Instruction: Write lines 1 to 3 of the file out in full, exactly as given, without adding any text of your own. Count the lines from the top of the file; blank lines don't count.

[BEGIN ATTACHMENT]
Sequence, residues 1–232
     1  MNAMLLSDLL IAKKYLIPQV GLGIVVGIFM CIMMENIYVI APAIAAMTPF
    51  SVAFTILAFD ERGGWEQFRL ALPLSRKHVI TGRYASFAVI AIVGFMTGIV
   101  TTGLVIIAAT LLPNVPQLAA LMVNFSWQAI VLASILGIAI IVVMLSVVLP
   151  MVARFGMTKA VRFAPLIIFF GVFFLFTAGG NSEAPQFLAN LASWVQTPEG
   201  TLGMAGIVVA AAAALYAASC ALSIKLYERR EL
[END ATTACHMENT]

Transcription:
Sequence, residues 1–232
     1  MNAMLLSDLL IAKKYLIPQV GLGIVVGIFM CIMMENIYVI APAIAAMTPF
    51  SVAFTILAFD ERGGWEQFRL ALPLSRKHVI TGRYASFAVI AIVGFMTGIV